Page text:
Each month features a pet (mostly dogs, but one bird makes an appearance) who is providing therapy or companionship at a long-term care facility.

As the calendar notes, “The presence of animals is becoming increasingly popular in long term care residential facilities, and for good reason — studies have documented that pets help reduce depression, loneliness, and anxiety; improve mental function; and lower blood pressure and heart rate.”

The calendar contains photographs and stories selected from the submissions contributed by residents and staff members of long term care facilities.

Henry belongs to Christina Higgins, a physical therapist at Mission Palms.

I first wrote a piece for ohmidog! after meeting them during a visit last year.

That old post is one of many that got gobbled up or lost in space when we recently changed servers for this website. (Data migration is as dangerous as it sounds, and can lead to broken links, also painful.)

But here’s a piece of it I found:

As my soon-to-be 89-year-old father continues on a long uphill road to recovery, there’s a dog helping him get there.

Somehow, that makes me – being, until last week, on the other side of the country – feel more comfortable. More important, I’m guessing it makes him — being a hard core dog lover — feel more that way, too, as well as more motivated, and more at home in a strange place.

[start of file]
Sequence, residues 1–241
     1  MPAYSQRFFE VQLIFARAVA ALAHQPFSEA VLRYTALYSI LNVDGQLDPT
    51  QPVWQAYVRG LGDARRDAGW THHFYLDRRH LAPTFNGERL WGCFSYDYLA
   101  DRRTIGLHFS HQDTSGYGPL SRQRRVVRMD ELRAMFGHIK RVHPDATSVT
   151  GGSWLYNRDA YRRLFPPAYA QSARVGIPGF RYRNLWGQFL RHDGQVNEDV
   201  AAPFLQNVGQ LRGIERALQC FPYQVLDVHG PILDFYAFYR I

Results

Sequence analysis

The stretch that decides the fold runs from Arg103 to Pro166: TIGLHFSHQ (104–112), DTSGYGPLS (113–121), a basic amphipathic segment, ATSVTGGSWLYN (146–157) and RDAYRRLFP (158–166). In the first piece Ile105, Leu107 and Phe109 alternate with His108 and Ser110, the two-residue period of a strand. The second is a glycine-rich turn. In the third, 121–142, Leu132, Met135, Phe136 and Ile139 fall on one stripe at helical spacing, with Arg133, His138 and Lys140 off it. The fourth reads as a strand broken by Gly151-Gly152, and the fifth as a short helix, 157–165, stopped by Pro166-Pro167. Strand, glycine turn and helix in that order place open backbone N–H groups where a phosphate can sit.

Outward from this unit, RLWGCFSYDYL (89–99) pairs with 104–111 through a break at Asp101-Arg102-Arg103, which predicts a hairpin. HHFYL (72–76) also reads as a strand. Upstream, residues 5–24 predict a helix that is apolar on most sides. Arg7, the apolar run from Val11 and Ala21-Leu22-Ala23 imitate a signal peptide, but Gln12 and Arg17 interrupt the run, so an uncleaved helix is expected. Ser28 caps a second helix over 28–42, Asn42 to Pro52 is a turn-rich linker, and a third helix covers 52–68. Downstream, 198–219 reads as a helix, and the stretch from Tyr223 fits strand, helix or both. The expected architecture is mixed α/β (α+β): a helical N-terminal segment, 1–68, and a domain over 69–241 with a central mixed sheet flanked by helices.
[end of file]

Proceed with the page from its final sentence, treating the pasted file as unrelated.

My dad became ill last year, entering a hospital with stomach problems and suffering a heart attack while there that would lead to an induced coma of several weeks. Once he came out of it, he had to relearn things like eating and walking, and — having a lot more fight in him than most people — he made great progress during his stay in a skilled nursing facility in Mesa called Mission Palms.

He was fortunate enough to be assigned to a therapist named Christina, and her dog, Henry Higgins. Henry, now about a year and half, has been working at Mission Palms since he was three months old, and the first thing I noticed about him was how he made everyone’s face light up upon seeing him, both patients and staff, and definitely my father’s.

For starters, they played some fetch, which required my father hoisting himself out of his wheelchair and throwing a tennis ball. My father did the work, but I think the anticipation on Henry’s face — as he sat there looking at him, patiently waiting — provided the encouragement. After that, a putting green was hauled out and my father tried to sink some putts, as Henry looked on.

Henry is a pointer-setter mix, with long brown hair from his tail to the top of his head, but short hair on his muzzle. Christina, who chose him from a friend’s litter, said “he was the biggest, ugliest one, just a big huge fur ball.”

Out of all the pups, she said, he seemed the most sociable and interested in humans.

I know surgeons and doctors probably deserve most of the thanks, and are the main reason my father is still around. But as for right now, amid all other uncertainties … I’m probably most grateful that he’s in the capable hands of a caring therapist and an encouraging dog. Thanks, Henry.